But here we are, singing Easter songs in the middle of November. There’s a reason for my madness, and that reason is this passage from the Gospel of Luke. Because it talks about resurrection, I thought it would be great to sing some Easter songs out of season.
When we meet up with Jesus in this passage, he’s having a discussion with a group of Sadducees. The Sadducees were a group of religious and social conservatives who didn’t believe in the resurrection. Their Bible was essentially limited to the first five books of the Old Testament, and they didn’t think you could find the resurrection in these books. And so Jesus, who had a broader sense of God’s revelation, said to them: "He is God not of the dead, but of the living."
Now this student believed that we’re on the earth to be tested. We either we pass or we don’t, and if we don’t pass then surely there has to be some sort of punishment. I mean, if everyone passes then why be alive? What’s our purpose in being here? Besides, if everyone makes it into heaven and there’s no punishment in the offing, then why bother being good? Let’s just "eat, drink, and be merry!
Now you may be wondering – What does this have to do with the resurrection? Well, I think it has something to do with the way we understand life itself. Does it have a purpose? Does it have value? I think the answer can be found in Jesus’ statement that God is the "God of the living and not the dead," Life is important to God. God values life – all life – which means we should value life. God does not rejoice in death and neither should we.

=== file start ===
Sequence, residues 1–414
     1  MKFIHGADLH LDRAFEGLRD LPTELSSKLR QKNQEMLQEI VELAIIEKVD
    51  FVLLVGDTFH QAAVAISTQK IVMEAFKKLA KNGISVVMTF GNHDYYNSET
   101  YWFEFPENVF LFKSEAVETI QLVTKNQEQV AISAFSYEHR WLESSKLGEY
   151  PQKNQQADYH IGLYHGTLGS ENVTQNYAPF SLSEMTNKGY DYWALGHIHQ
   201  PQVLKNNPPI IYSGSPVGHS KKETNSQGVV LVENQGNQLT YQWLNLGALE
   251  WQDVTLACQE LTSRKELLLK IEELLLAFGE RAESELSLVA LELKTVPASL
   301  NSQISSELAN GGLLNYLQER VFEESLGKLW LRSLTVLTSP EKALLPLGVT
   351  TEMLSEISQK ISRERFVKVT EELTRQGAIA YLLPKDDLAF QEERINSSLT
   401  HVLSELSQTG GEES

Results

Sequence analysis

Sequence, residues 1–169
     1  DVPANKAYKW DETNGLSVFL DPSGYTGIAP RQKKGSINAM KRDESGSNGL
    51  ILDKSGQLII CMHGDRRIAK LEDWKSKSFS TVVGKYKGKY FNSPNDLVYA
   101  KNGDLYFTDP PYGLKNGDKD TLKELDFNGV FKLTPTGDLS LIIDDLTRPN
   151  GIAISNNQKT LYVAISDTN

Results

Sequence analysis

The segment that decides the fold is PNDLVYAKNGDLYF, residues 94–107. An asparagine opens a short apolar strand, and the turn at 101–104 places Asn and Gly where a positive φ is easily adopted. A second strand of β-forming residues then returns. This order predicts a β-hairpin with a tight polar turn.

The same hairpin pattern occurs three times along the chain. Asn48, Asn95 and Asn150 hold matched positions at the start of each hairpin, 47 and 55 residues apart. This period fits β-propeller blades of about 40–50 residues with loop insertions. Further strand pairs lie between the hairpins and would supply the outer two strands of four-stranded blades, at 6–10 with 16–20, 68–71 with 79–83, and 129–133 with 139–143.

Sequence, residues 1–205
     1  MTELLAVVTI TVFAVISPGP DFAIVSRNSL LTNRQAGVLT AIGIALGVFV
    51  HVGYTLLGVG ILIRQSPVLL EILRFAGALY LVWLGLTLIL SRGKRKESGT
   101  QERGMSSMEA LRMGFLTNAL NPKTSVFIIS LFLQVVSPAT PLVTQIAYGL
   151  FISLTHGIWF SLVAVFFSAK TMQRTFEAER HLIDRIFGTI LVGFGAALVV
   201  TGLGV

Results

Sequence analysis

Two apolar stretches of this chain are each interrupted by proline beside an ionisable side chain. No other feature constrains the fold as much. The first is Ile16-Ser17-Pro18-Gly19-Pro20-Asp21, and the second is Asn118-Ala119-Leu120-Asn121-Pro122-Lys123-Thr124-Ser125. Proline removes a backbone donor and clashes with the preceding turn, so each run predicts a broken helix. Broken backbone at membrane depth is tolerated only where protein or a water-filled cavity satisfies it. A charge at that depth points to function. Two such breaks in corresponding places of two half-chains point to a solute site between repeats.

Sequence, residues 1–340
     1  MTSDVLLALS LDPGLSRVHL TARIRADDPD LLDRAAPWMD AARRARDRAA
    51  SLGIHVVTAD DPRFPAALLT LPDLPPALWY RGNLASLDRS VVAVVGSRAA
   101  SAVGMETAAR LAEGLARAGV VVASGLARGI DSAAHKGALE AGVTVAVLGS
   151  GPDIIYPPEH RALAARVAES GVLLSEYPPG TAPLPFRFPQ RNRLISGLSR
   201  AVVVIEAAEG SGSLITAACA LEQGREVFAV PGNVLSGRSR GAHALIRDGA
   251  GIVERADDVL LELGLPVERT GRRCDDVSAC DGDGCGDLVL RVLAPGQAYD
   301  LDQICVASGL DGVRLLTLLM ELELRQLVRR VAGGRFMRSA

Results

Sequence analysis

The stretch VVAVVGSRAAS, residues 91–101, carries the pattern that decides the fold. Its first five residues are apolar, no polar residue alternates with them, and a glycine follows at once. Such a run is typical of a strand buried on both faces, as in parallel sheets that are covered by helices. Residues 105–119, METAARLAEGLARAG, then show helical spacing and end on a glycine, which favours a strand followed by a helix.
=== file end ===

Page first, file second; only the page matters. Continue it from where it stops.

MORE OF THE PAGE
We’re called to embrace resurrection living. That is, we’re called to live out the values of resurrection in the present.
. . . if we want to really understand the truth of this event, we should look to all the men and women who saw that death was near, who called home on their cell phones. And not to express anger or fear or bitterness but, simply, to say "I love you, take care of the children, have a good life." In a moment of great clarity at the end, they called amidst smoke, and confusion and panic to give us their benediction. And we should accept it. Love each other, take care of the children, have a good life. And give thanks to the Lord with our whole heart for his steadfast love and faithfulness and beseech him that we may have a quiet and peaceful life in all godliness and dignity and that in every place men and women should pray, lifting up holy hands without anger or argument. Amen.1
We just finished with another holiday – Halloween. Halloween reminds us that death and fear go together, at least in the minds of many. With its ghosts and goblins, Halloween tells us that we should be afraid of death. But when we live in fear of death, we’re unable to love. But if God is the God of the living and not the dead, then there’s no need to fear. By embracing the resurrection we’re free to love and to live boldly before God.
Rev. Dr. Robert D. Cornwall
Pastor, First Christian Church (Disciples of Christ)
26th Sunday after Pentecost
November 11, 2007